In wanting to speak for the “99 percent,” Occupy Wall Street–and its allied campaigns around the country–has defined a constituency and a target. The argument is that the economy and government work for only a small percentage of Americans, and that things could be different.
To succeed movement campaigns identify a base and a target, framing their core constituency as worthy–and preferably numerous. The target should be identifiable too. Deciding whom to blame is a key task of all politics, including movement politics.
To embody the 99 percent, activists set up a website, “we are the 99 percent,” comprised of simple pictures and stories. Mostly, it’s about hardship. People who post tell about owing money for a house or an education, needing health insurance, unemployment and underemployment. Although critics charge that Occupy doesn’t have a clear program, it’s very easy to look at these stories and see a set of policies that respond rather directly to their concerns; government can spend money to produce employment, access to education, offer health care, and even aid in personal debt relief. At this posting, there are 146 pages of stories. You may be able to dismiss one or another as telling stories of foolishness or selfishness, but the cumulative impact of story after story is powerful. Together, the individual stories push blame up to those who are wealthy and powerful.
The site invites contributions, but some people who supported Occupy saw themselves as privileged. “We stand with the 99 percent” tells stories of people who are not suffering personally, but believe that it’s good and right for the United States to find a way to provide work and health care for everyone.
This follows Warren Buffet’s call for higher taxes on the wealthy, endorsed by many others. Wealth for the Common Good organizes the advantaged to press for government policies that promote employment and, more generally, spread the benefits of the economy more broadly. (The incredible Chuck Collins has been working these politics for a long time.)
But opponents of the Occupy campaign, understandably, don’t want to let this pattern of blame stand unchallenged. To counter Occupy rhetoric, conservatives started “We are the 53 percent,” which also invites individual contributions. Fifty-three percent refers to the Americans who currently earn enough to pay federal income taxes–in addition to the payroll taxes that everyone pays, plus excise and local government taxes. This is an attempt to push blame down to the less fortunate, rather than upward.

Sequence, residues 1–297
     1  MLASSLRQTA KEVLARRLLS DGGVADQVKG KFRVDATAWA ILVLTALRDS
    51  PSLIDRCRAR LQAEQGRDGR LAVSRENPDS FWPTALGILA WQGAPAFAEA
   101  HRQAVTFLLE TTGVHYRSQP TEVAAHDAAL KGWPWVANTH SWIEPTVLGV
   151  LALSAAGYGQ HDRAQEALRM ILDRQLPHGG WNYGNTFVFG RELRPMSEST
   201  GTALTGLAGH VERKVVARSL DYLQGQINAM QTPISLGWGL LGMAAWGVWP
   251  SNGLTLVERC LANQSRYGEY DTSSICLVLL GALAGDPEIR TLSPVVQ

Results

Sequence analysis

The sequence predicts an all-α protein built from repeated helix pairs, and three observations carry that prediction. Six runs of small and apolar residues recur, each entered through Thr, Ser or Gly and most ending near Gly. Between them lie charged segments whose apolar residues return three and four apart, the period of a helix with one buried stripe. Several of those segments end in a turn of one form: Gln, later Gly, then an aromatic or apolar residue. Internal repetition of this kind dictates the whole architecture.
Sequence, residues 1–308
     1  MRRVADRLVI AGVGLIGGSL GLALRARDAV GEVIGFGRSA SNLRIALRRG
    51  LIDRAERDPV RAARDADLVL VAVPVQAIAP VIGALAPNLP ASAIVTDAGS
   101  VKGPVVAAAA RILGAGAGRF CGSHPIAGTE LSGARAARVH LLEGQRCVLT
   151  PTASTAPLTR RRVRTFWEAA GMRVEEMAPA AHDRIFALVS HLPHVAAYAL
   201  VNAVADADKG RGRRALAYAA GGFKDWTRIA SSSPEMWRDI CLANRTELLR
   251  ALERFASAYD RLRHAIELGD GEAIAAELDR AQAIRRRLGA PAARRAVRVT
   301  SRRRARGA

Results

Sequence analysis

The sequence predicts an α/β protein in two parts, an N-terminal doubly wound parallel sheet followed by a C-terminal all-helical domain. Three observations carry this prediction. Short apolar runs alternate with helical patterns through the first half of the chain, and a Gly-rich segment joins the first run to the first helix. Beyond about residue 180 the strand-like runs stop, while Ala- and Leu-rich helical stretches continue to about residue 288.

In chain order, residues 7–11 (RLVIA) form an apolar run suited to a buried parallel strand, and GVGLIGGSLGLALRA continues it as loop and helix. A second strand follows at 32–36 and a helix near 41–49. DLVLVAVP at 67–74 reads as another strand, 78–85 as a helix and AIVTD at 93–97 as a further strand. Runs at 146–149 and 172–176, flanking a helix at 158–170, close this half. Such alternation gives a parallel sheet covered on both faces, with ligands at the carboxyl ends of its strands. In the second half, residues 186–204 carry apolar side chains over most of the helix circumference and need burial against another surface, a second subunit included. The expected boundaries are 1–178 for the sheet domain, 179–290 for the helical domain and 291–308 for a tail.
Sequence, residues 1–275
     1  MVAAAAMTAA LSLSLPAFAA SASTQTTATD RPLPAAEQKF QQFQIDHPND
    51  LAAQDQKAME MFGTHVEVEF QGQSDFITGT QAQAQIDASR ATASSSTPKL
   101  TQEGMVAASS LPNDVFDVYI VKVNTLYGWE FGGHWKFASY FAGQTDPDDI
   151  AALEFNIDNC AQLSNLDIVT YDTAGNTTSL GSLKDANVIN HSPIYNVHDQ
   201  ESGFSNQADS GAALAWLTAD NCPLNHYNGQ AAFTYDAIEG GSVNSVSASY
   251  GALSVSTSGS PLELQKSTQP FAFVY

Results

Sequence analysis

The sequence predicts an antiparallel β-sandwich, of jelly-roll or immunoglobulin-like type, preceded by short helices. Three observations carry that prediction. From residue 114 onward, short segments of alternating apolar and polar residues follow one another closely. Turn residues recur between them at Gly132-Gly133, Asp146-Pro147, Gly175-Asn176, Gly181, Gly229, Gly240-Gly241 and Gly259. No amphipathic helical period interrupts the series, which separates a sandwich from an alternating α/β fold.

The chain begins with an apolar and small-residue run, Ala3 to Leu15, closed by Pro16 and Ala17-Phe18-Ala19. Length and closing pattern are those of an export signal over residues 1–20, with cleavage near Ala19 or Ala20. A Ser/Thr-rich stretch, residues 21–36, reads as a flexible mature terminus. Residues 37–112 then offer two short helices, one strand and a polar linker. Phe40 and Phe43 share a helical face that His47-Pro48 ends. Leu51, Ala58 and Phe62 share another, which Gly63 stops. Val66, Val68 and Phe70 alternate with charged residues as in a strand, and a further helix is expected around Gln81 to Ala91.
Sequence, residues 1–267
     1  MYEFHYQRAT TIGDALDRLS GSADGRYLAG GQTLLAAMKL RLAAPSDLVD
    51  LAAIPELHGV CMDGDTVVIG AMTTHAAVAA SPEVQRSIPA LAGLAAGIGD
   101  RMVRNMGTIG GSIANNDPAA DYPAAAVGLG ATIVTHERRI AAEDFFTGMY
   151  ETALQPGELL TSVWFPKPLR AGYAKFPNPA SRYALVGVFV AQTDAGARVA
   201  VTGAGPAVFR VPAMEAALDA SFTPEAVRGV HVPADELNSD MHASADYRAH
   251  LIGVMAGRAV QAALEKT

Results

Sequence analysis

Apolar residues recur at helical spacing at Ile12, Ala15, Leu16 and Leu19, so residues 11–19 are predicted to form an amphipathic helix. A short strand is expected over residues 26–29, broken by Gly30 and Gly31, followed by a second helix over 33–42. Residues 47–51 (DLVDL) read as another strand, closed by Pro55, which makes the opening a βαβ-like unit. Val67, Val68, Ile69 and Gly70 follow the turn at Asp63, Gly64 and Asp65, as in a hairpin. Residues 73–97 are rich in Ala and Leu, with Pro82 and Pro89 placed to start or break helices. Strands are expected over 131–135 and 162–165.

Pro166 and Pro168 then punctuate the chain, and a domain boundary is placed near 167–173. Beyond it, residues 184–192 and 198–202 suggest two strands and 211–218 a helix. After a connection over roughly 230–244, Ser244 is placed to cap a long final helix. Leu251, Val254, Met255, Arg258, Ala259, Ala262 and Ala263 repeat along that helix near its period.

Using the same format and colors as the 99 percent site, there are now 30 pages of 53 percent stories. I read two basic types: people who are doing well, although they can trace humble origins, because they–or someone in their family–worked very hard; and people who are doing very badly, lacking jobs and/or health insurance. Both take responsibility for their circumstances and hate whining. They think those who claim to be the 99 percent are lazy and have an undue sense of entitlement.
So a group of Occupy campaigners, noting that many of the self-proclaimed 53 percenters don’t really earn enough to pay taxes, started “Actually, you’re the 47 percent,” which reprints the pictures from the 53 percent site, along with snarky and dismissive comments (3 pages at this moment).
An entire rhetorical battle about blame is playing out on these sites, offering plenty of stories to make any argument you want to make. The stories strengthen the resolve of the committed, but more important, is the reaction of a broader public as the crystallized arguments hit mainstream politics.
The early returns are in recent polls, and the Occupiers are winning. Fifty-four percent of Americans support the Occupy Wall Street campaign, according to Time magazine, about twice the percentage who support the Tea Party. A slightly more recent National Journal poll shows Occupy with 59 percent support.
Don’t expect opponents to give up, however. Look for new campaigns to discredit the Occupiers as lazy, violent, privileged, ignorant–or so many other attempts.
Activists for any cause wan to demonstrate their worthiness, unity, numbers, and commitment (WUNC, according to Charles Tilly). Look for their opponents to try to dismantle each of those claims.
Is it liberal elitism to point out how horrible the grammar of 53% of us seems to be?
Most days, I think about bad grammar everywhere as a reflection of disinvestment in education in America. Are the 1 percent more competent?
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“Things could be different.” I guess that is safe since they always are! Why would such a cosmic and banal assertion appear? If a finite essay is to accomplish anything in a contested area of social evaluation, the concepts and evidence at issue must be defined with care and focus.
My take is a little different than yours. I think most people view most of the world around them as constant and intractable. Part of an activist’s job is to convince people that this isn’t so. I’m sorry you find this banal.